Thought to have dated from before 1672, the former inn on this site burned down in the Great Fire of Biggleswade – which started at the hotel on 16 June 1785. According to the Biggleswade History Society, this was (in 1700) one of the town’s 11 inns. In 1732, it is recorded in the will of Richard Hide – who left the inn to his family. The hotel was grade II listed in 1978 and closed in 2013.
A plaque for The Great Fire of Biggleswade, which started in The Crown Inn yard on 16 June 1785 destroying half the town.
In 2014, the local newspaper reprinted an article from 1985 when it reported that 'hordes of people turned out the unveiling of the plaque on the wall of the Crown Hotel to commemorate the 200th anniversary of the Great Fire of Biggleswade... which started in the Crown's yard. Town Mayor Mrs Pat Rouse was there to do the honours'.
This pub has an open cellar, which depicts the history of brewing.
The text reads: The earliest record of brewing beer goes back almost 500 years to Mesopotamian writings describing daily rations of beer and bread to workers.
Production of beer in Europe began in the home as women’s work alongside baking. Beer was most people’s staple drink. Water could be heated over an open fire in a cottage and the beer brewed in the kitchen.
Specialised brewing facilities began with monasteries. They started producing beer both for their own consumption and to use as payment. This shifted the responsibility for making beer to men. By the 16th century the dedicated brew house was becoming commonplace. By the 18th century purpose-built brew houses had become part of the typical country house.
Commercial brewing began at inns, taverns and alehouses, whose licensing was controlled from around the 1550s by magistrates. Early breweries were usually multi-story buildings, so that gravity could assist with the transfer of product form one stage to the next, with equipment for the earlier stages of production on the upper floors.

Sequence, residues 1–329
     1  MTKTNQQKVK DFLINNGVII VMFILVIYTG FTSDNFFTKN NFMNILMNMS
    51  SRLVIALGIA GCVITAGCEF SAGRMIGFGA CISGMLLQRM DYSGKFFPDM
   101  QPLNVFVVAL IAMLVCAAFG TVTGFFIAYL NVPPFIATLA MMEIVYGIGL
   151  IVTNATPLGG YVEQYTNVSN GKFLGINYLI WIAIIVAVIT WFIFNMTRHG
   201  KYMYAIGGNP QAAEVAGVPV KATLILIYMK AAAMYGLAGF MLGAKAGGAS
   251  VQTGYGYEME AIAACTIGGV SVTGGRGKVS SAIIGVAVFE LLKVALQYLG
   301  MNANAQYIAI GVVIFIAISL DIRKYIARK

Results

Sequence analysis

Industrial-scale breweries were first seen during the early 1700’s. Large brewing vessels replaced small, and steam powered pumps and mills were brought in. Mechanical rakes and mashers were invented, and the brewery engineer came into being.
In provincial towns, large common or commercial breweries began to appear from the 1790s.
In the 1820s and 1830s the Government decided to promote beer drinking instead of spirits, especially gin. Gin ships were a major social problem and led to the rise of the Temperance Society. Beer, the former drink of the working man, was taxed and expensive, despite the fact that at this time beer was safer to drink than water.
The Beerhouse Act abolished the beer tax, and extended the opening hours of public houses, taverns and alehouses. The Act introduced the Beerhouse. For a small fee of 2 guineas anyone could brew and sell beer. Beerhouses were also known by the name small beer or Tom and Jerry shops.
Licensing of the Beerhouses was brought back under control of the local justices in 1869. Many then closed, or changed to fully licensed public houses.
A painting entitled Welcome to Biggleswade, part of J D Wetherspoon Art in Schools project.
A painting entitled Potton, part of J D Wetherspoon Art in Schools project.
A wall sculpture entitled An Inventive Man.
External photograph of the building – main entrance.
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